Italy, the homeland of Prosecco, is not happy with Croatia's attempt to get EU recognition for the Dalmatian wine, 'Prošek'.
Italy's Prosecco is known the world over as an affordable and highly drinkable sparkling wine, but fewer people will know that Croatia has, for a long time, cultivated a still sweet wine called Prošek. In short, they have nothing in common.
Croatia is seeking a protected origin status for this traditional wine, made on the Dalmatian coast, which in turn is thought to be the genesis of the prosecco grape, which is known as Glera. To that end they have set in motion procedures to achieve this with the EU.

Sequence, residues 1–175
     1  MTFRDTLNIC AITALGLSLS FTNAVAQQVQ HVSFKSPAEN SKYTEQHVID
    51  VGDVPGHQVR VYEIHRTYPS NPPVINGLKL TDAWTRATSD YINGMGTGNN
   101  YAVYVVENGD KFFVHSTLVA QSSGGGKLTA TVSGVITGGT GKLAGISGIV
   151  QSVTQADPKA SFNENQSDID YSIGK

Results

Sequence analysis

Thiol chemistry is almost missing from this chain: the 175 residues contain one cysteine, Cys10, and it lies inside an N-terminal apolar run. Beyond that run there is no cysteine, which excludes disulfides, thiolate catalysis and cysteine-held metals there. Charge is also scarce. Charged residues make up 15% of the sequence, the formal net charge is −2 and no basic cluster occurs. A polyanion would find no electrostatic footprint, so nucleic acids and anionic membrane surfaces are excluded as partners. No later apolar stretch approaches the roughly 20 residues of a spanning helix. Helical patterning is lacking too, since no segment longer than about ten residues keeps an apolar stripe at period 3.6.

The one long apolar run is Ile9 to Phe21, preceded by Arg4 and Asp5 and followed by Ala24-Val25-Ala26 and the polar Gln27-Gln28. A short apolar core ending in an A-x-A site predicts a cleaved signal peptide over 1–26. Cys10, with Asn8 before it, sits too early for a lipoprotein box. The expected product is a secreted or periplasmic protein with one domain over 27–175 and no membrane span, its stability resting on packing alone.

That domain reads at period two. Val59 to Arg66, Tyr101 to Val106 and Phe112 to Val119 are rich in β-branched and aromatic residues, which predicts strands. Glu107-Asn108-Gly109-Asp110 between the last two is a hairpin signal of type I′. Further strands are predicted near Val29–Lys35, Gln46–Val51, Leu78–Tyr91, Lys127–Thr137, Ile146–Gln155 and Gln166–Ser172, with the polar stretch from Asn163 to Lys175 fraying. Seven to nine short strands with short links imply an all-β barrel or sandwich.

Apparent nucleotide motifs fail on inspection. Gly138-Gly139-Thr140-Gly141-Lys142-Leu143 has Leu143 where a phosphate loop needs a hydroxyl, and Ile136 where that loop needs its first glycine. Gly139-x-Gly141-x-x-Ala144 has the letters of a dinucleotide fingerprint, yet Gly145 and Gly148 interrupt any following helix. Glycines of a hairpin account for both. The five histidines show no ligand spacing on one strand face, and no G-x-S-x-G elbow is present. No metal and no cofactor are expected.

When quizzed on this, agriculture commissioner Janusz Wojciechowski confirmed that the Commission has assessed the validity of the claim and will now proceed with its publication in the Official Journal of the European Union.
This had sparked outrage in Rome, where the authorities are preparing to challenge the decision, saying the names are too similar and Croatia will have to change.
"All interested parties will have two months from the date of publication to submit a substantiated objection," Wojciechowski added, and then hinted at what the conclusion in time may be.
"Two homonymous terms may co-exist under certain conditions, in particular with due regard to local and traditional usage and the risk of confusion for the consumer," he said.